The Cut List: Who's in Desperate Need of a Win at UFC 140?
The UFC returns to Toronto this weekend for another big pay-per-view event, though don't expect an all-star stadium show this time around. What you can expect at UFC 140 is a quality card with some big name fighters who are hungry for a win, along with a few lesser-knowns who need a victory just to make sure there are presents under the tree this Christmas.
So who needs a win like Dana White needs a Saturday night off, and what are their chances for a bright future and an upbeat after-party? For answers, we turn to the Cut List.
Tito Ortiz (16-9-1, 15-9-1 UFC)
Who he's facing: Antonio Rogerio Nogueira
Why he's in danger: Remember back before his career-salvaging victory at UFC 132, when Dana White said, "Dude, it's 2011; He's got to win"? Yeah, well I'm pretty sure he didn't mean, 'He's got to win once and then never again.' Ortiz rose from the ashes with his surprising submission of Ryan Bader, and then he further ingratiated himself to the UFC by offering to step up and fight Rashad Evans just a month later. The UFC was so grateful for that favor, it probably didn't even care that he went right back to his losing ways with a second-round TKO. A little goodwill is a fine thing to have in this business, but Ortiz is still 1-5-1 in his last seven bouts, stretching all the way back to 2006. I can see cutting him some slack after his two-month stint as unlikely hero this summer, but how long can he survive on those rapidly fading glories? If he loses to Nogueira, as oddsmakers expect him to, then what? He'll still be a marketable commodity, still one of the UFC's most famous, yet least successful fighters, and he'll still be the guy who did the UFC a solid when others wouldn't. That will buy him some time, but it won't make him untouchable. He's still got to win a few fights here and there, and he'd really help himself out if he can start with a middle-aged Brazilian.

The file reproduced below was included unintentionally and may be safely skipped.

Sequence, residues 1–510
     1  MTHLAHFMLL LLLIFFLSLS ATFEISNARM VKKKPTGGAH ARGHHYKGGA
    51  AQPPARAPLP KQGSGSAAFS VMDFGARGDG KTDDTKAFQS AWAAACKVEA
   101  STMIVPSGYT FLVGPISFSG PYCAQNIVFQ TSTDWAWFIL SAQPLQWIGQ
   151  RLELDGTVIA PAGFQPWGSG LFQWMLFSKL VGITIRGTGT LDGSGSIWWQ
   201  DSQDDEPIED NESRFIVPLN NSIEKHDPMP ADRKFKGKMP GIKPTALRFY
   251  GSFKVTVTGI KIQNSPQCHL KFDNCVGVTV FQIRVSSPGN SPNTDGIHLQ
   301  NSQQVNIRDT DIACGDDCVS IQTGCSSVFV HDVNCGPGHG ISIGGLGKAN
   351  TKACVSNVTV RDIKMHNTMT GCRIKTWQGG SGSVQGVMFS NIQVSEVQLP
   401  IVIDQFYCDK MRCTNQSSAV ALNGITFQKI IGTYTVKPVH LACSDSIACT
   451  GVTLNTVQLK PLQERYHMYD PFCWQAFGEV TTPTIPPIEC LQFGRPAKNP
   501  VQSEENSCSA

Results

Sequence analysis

Outlook: Not good. Ortiz is in a tough spot. He's too famous and too expensive for the UFC to put him in against mid-card guys, but he's not quite well-rounded enough to handle the new generation of talented 205-pounders. I don't want to say the game has passed him by, but...okay, it probably has. I think he loses this fight, but still gets one more chance to pull off a resurrection. The more fights he drops, the more the win over Bader looks like one good night in a sea of bad ones.
Antonio Rogerio Nogueira (19-5, 2-2 UFC)
Who he's facing: Tito Ortiz
Why he's in danger: After dropping back-to-back decisions to Ryan Bader and then Phil Davis, Little Nog is now one defeat away from the dreaded three-fight losing streak. He's also 35 years old and the lesser-known of the two Nogueira brothers in the UFC, so it's not at all unfathomable that a loss here could convince the brass that they're carrying one more Nogueira than they need. Face it, it's not as if the UFC is hurting for popular Brazilian fighters at this point. They've got better and they've got younger, so what does Little Nog bring to the table? His ability to shut down strong wrestlers (which the division is positively choking with these days) is questionable at best, and he hasn't finished an opponent since his UFC debut a little over two years ago. So what's keeping him employed? Well, he's still a Nogueira, which is the Brazilian MMA equivalent of being a Baldwin brother. Even if he might be Stephen to Big Nog's Alec, it's still better than being some nobody. Plus, he's still a threat when he can stay upright. If his takedown defense is good enough to force a stand-up fight with Ortiz, you have to like his chances.